The fact that people wore the same clothes constantly, and even the rich did not bother to bath, meant that an odour was palpable in the crowded church, and it would be crowded as attendance was usually compulsory. Flowers were strewn on the floor to combat this, feet crushed them as they passed and the flowers on the stone floor gave of a pleasing scent. Attendance at the morning service, often the evening was reserved for the top brass or those who really wished to be there, attendance was not always popular and the vergers were often forced to take action, waking some folks, stopping others writing graffiti or scraping pictures on the walls, on occasion stopping others calling out their objections or attacking the celebrants. The local churches are not like this today!

Tuesday, 6 October 2009


Yesterday started in the usual manner. I found myself sitting here stuffing stale bread toast down my throat and swallowing a gallon of cheap coffee to stimulating the left over brain cells. This did not work! I know this as I looked at the clock, noticed the time as almost a quarter to eight, and when I looked at it much, much later I didn't notice the time was still quarter to eight. About ten past nine it dawned on me something was amiss! Several minutes hunting eventually procured a cheap battery for the clock. Cheap batteries are ideal for clocks and the like, and totally worthless for cameras, radios and anything that requires enough effort to blow a feather!
Nothing daunted I opened the curtains and was confronted with a dull, dreich, day! Gray clouds hung over all. Indeed not so much over as across all for the far side of the park was dulled by a gray mist.

Hours later, when the rain had come, fallen, drenched the world, stopped, started, stopped again, started again, got heavier, and then got heavier again, and then stopped for a good while, I went out.
It rained!
However before this I found myself in a churchyard opposite, attempting to 'see' the photographs contained therein. Graveyards are very photogenic, especially if they contain interesting stones. This one however failed to satisfy my photographer impersonation. The graves, while ancient, were not outstanding.

I suppose such a comment would upset many of those buried there. After all only the rich upper and middle classes could obtain burials such as these in the days of yore. For many 'place' was important and while many knew their God and lived accordingly there is always a sense of self importance within humans. A walk through Kensal Green Cemetery reveals this. There the rich and famous are buried, probably with great pomp at the time, and vie with one another in the magnificence of their monuments. It is as if they are attempting to outdo their neighbours even in death, or possibly, just maybe, attempting to hold on to life even when dead. "Look at me," such monuments shout, "I'm not dead, I'm here!" But sadly it is too late, no matter how great you were. The ivy covered tombs, often great concrete boxes, an attempt to prevent grave robbers, ghouls, stealing the body for medical experimentation in the days gone by, lie crowded in this small area, leaning at angles as the earth subsides beneath them. The trees planted in memorial soak up the moisture and in places the ground dips leaving some tombs slightly ajar, as if someone is attempting to escape. "Not yet dear boy," I informed one chap," Not judgement day yet, don't be in a rush for that!"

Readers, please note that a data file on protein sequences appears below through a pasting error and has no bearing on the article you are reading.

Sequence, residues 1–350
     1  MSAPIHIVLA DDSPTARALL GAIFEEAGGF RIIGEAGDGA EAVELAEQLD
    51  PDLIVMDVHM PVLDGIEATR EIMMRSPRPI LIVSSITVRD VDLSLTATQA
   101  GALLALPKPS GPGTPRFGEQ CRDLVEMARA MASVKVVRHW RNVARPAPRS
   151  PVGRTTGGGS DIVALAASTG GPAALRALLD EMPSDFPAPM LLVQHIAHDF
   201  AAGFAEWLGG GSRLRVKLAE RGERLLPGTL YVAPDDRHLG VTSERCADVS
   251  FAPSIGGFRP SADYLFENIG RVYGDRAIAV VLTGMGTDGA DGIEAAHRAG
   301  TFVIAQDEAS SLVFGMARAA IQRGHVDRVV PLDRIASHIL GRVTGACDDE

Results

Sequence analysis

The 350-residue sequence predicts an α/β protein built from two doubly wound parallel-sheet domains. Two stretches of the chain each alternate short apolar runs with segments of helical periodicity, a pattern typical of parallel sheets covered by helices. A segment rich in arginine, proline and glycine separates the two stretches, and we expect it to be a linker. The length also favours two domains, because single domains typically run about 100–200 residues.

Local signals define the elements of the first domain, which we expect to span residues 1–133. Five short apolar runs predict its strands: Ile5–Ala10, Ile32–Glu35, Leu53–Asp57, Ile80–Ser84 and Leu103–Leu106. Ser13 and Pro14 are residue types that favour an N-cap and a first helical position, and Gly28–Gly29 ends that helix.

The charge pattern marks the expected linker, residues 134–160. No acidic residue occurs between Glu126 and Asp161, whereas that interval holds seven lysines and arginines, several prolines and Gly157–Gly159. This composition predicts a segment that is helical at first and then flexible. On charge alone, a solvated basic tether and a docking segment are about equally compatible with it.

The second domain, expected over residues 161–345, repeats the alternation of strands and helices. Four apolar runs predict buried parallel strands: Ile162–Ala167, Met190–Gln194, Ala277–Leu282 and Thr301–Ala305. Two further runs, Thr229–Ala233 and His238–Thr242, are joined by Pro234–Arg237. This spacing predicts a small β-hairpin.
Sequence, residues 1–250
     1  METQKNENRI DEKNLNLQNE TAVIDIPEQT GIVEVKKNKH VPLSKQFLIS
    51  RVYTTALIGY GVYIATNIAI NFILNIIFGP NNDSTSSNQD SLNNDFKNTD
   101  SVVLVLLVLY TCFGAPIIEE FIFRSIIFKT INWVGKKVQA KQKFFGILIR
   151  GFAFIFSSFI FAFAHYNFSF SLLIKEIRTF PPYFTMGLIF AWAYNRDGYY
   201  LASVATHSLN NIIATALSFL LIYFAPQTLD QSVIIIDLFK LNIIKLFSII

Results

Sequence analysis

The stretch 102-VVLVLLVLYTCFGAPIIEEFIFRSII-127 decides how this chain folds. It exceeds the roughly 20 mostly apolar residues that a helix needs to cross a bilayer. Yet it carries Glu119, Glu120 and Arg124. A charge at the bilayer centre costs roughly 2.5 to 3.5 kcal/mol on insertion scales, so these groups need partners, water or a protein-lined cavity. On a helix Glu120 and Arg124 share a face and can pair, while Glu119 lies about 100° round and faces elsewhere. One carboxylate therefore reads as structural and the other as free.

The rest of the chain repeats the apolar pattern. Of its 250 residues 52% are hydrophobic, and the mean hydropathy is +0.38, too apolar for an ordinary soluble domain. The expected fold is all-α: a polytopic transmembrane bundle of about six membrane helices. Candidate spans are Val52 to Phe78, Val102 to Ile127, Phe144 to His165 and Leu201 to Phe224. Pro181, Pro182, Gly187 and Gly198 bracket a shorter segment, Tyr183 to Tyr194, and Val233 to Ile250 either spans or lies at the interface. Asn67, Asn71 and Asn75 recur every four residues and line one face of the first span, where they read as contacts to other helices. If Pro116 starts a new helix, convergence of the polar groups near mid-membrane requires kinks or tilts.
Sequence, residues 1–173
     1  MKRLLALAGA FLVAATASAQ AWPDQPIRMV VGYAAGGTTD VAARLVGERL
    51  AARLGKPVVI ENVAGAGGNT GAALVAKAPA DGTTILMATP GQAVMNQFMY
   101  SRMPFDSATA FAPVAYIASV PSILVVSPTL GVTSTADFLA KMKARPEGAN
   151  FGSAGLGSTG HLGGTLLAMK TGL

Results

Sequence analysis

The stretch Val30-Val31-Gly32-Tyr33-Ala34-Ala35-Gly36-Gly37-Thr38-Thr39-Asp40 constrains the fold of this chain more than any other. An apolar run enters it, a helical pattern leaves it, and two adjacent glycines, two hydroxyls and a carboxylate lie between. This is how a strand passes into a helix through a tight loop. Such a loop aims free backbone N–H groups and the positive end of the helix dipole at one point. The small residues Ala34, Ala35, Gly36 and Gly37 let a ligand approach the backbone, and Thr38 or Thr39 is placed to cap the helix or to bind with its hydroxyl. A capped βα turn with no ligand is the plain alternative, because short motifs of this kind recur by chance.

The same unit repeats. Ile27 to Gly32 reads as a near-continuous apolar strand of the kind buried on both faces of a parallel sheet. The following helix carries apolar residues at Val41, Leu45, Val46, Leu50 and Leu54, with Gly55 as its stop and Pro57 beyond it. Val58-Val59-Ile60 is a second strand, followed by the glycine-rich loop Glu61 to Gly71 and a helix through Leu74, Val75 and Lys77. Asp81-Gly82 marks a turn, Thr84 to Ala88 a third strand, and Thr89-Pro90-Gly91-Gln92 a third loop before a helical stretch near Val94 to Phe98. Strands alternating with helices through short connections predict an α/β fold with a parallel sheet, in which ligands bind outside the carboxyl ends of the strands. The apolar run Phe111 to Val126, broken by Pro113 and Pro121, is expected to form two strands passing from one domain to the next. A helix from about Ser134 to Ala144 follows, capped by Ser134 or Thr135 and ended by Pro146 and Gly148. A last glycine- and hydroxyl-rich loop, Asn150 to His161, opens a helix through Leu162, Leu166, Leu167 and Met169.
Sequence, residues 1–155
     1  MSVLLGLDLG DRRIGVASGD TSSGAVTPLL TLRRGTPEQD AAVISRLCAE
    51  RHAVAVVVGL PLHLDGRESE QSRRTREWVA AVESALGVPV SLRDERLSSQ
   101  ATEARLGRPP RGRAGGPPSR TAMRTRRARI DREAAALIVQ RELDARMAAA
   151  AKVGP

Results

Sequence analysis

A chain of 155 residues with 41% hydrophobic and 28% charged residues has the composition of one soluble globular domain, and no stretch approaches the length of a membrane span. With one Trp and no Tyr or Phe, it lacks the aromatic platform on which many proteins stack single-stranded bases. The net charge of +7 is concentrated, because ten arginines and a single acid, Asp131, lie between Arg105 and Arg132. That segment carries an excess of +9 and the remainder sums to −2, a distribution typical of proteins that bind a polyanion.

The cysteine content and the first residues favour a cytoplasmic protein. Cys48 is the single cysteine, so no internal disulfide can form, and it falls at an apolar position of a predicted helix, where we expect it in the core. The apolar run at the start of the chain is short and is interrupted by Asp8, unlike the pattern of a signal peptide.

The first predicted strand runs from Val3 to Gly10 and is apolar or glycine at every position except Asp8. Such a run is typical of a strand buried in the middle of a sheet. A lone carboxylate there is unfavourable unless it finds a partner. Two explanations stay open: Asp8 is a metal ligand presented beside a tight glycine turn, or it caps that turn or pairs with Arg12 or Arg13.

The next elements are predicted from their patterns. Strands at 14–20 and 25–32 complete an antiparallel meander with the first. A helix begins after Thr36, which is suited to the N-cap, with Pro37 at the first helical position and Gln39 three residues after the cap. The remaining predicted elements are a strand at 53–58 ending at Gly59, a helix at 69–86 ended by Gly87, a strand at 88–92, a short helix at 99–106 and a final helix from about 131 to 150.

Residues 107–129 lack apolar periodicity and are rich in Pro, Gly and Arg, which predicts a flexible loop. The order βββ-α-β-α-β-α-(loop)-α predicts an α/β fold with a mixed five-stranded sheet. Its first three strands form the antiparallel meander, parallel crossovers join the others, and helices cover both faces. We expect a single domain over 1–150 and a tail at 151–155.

If the stones are readable, and so many have faded badly, it is possible to guess the reason for the departure of these people. While many lived to a good age others died young. Illness that today has been controlled by the National health Service, took away many in the past. Childbirth, still dangerous today, took many young women. Cholera, Diphtheria, TB, and a mass of other illness are not found among the west today yet were common dangers to the folk who lie here. There again, flush toilets, cars, telephones and washing machines were items many of them could never have foreseen. Some lived into the 20th century and died in wonderment at the material benefits around them. Advancements that also produced the Great War among other things! The good we discover we soon make use of in war, we are good that way!

The thing about graveyards is the way they cheer me up! On the one hand I can look at the past and conjecture on the lives of the fallen, and on the other I can look at the sun and be glad I am alive, and Jesus wants me to see better sunshine than this for ever with him! Great stuff, although I wonder why. I also wonder how many of these will be there on that day?

Sunday, 4 October 2009


Such is the intense excitement of my day summed up, by a small bridge over the gaping three foot ravine below. This fifty yard walk through the 'Dingley Dell' that leads to a supermarket carpark! The sun shone through the trees dappling the leaves and brightening the day. Even the bulk of the police station overlooking the pathway could not dampen the joy of the trail.

Nothing else happened!

The phone didn't ring, the e-mail did not bleep, even spam did not bother to arrive, the papers were dead, the TV was a waste, and lunch was ... well let's not bring that up again! All in all a rubbish day. Of course the news from Saturday did not help. Travelling to Paisley to play St Mirren at their new ground, a new ground in which they have as yet failed to win a game! Naturally the Heart of Midlothian have never played there as yet and it appeared to some experienced readers of the games that a Heart of Midlothian defeat was on the cards.